Edit ModuleShow Tags
Edit ModuleShow Tags

Stoner’s Pizza aims for ‘high’ quality, eyes new markets


Published:

Some sober pizza rolls from Stoner’s, dubbed “ShowBoat,” won’t get you high quite yet.

Stoner’s Pizza Joint, a small regional chain based in Charleston, South Carolina, is getting a second life with some big goals.

The brand was founded in 2013 and did OK, growing to nine locations in the area and developing a small following. But Nick Bergelt and Drew Ciccarelli of HHI Hospitality, which bought Stoner’s in 2018, saw an opportunity to build a grander future.

“For us, Stoner’s was a very small footprint that had a lot of versatility. And from an investment standpoint it’s a great opportunity, you can do a lot,” said Bergelt.

The first thing the new owners looked at was technology to tap into “the future of pizza, from a convenience standpoint,” said Bergelt. That meant looking at every piece of technology, from the app, to the point of sale and the crucial delivery infrastructure. Bergelt said the technologies that empower the major national pizza brands have finally become affordable for small concepts, allowing consumers to tap into their pizza with the polished, convenient technology they’ve been trained to expect by the big brands.

And given Stoner’s focus on campus-adjacent locations, the technology young people want becomes even more important.

“When you’re going up against the 800-pound gorillas in the room, they’ve got hundreds of millions to funnel into this. So we just hit a tipping point where those technologies are accessible to small regional brands like us,” said Bergelt.

The other opportunity was the name. Stoner’s Pizza Joint is pretty on the nose about its pot culture heritage. And as the cannabis industry moves further into recreational use and consumers clamor for CBD everything, the brand name alone has some value.

“We’re in the middle of a paradigm shift in marijuana culture worldwide, CBD products and how that takes shape in our food we eat. So we thought we could shape Stoner’s to be a millennial-forward” brand, too, said Bergelt.

Legalize Marinara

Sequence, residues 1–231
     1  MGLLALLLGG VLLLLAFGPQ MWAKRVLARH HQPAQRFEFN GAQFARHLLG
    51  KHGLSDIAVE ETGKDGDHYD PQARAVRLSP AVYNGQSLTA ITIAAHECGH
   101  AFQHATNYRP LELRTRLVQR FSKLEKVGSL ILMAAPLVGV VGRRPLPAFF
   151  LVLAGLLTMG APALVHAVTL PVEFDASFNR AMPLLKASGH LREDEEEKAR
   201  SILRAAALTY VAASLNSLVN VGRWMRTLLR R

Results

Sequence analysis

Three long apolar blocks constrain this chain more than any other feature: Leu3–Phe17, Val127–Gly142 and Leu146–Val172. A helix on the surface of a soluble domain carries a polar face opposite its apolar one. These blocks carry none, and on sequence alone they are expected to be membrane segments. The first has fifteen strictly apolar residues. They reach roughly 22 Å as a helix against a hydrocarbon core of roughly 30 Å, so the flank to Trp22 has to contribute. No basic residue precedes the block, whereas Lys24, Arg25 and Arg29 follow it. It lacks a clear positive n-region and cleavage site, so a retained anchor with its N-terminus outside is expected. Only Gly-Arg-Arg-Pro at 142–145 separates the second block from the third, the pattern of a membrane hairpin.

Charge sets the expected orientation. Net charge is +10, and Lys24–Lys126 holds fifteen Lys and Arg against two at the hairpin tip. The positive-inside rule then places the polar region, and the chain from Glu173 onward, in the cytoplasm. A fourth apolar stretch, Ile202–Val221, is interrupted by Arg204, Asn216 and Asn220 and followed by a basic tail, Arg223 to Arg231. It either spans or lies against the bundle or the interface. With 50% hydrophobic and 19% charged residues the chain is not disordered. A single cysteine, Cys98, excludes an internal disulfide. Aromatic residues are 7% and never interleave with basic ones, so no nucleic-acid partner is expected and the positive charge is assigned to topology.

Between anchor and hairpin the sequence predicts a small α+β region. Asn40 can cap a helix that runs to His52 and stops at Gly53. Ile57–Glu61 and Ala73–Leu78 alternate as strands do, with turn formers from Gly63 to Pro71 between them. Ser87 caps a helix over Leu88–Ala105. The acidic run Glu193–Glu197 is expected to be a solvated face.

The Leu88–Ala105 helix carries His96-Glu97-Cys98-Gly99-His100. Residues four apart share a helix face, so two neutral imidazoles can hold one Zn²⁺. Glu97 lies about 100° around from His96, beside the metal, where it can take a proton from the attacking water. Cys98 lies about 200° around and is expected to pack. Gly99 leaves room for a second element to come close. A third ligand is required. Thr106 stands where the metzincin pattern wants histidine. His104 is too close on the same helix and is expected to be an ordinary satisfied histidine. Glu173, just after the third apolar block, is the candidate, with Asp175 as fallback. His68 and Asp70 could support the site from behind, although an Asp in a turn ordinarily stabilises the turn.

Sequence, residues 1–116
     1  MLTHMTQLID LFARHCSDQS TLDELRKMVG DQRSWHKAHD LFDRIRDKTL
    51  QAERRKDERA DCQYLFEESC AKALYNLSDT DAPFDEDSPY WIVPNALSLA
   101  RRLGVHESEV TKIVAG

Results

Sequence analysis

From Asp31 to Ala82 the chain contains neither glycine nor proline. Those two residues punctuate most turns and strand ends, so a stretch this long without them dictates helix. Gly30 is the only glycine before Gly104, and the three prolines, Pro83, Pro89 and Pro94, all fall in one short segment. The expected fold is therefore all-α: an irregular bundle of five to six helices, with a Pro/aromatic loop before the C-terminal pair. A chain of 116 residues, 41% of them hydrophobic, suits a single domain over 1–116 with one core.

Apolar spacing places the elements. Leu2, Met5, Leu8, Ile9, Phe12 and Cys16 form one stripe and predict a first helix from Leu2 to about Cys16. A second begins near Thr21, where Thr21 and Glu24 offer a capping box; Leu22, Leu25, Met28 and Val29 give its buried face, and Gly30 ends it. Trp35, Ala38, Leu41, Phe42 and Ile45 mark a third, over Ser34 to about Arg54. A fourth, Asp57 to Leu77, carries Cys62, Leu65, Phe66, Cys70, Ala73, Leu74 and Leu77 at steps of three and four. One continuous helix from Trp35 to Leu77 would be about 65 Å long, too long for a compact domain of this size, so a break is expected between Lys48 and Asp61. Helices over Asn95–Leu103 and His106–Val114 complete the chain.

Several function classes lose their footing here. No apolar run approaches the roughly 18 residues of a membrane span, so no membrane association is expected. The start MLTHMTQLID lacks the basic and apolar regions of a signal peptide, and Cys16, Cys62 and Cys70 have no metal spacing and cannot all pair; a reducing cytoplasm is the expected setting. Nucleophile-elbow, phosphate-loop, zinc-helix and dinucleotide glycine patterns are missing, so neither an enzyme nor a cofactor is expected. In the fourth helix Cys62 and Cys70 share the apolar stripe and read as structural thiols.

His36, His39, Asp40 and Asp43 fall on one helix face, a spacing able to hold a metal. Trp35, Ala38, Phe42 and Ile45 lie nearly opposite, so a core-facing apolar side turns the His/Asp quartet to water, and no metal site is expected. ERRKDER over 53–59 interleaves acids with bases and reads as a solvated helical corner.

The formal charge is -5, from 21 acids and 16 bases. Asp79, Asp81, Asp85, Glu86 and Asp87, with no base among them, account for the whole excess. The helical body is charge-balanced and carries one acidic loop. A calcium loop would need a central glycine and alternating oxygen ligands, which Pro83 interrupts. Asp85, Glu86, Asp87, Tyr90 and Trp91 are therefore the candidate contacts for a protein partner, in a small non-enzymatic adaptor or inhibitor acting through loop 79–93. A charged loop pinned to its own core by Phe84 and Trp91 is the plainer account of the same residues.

One of the many fun, pot-culture flairs is the company tagline: “Legalize Marinara.”

To that end, the new owners brought on a pizza master with experience on the culinary side of CBD and marijuana.

Glenn Cybulski joined the company in March as president and chief culinary officer. He said his first goal is updating the core menu for efficiency and profitability as the brand gets its franchise machine going. Then he’ll work on enhancing it over time with on-brand additions. He said his years of experience as a pizza expert and workshop leader for many pizza brands sets the stage for his first goal.

“I’m not going to come in and force my culinary opinions on what we’re creating right now. Absolutely there is room for improvement, but my core philosophy with Stoner’s is we’re going to improve our product without changing it drastically,” said Cybulski. “So I’m going to make some simple changes to reduce food costs, reduce labor costs, but not change the brand product to the point where people say this is clearly different. We can’t do that.”

The marijuana and CBD efforts will take some careful planning and a thoughtful approach. “When we see companies like Coca-Cola or Anheuser-Busch investing millions into companies working with cannabis, our first and foremost plan of action is to move very slowly into the field of cannabis,” said Cybulski.

He said the brand will start with cannabinoids, the legal substance at the heart of the CBD craze, using CBD-infused sauces and toppings instead of the common practice among food retailers to simply drop in some CBD. He said “elevated” CBD products will come online within a year, but psychoactive pizzas are further off. “THC is going to be a few years out, and we also have to deal with the process of acceptance in different regions, so we’re very, very careful,” said Cybulski.

He noted the halo of sustainable food and chemical-free ingredients blends into the modern view of cannabis. It’s not just the “Cheech and Chong” version of packing as much of whatever substance you can find in a bong.

“We’re way beyond that. Tracking and tracing all of our products, we are working with another company that is literally growing hemp so we will have track and traceability from our fields to our distribution,” said Cybulski. “Just like in Stoner’s now, we use high-quality products, we make our own dough and we really focus on fresh vegetables and high-quality protein and to be able to do that with cannabinoids and THC, that’s the same thought process, we have to use the highest level product.”

Stoner’s has 11 stores open, with a handful in development with multi-unit operators.

Edit ModuleShow Tags
Edit ModuleShow Tags
Edit ModuleShow Tags
Edit ModuleShow Tags
Edit ModuleShow Tags
Edit ModuleShow Tags

Find Us on Social Media


 
Edit ModuleShow Tags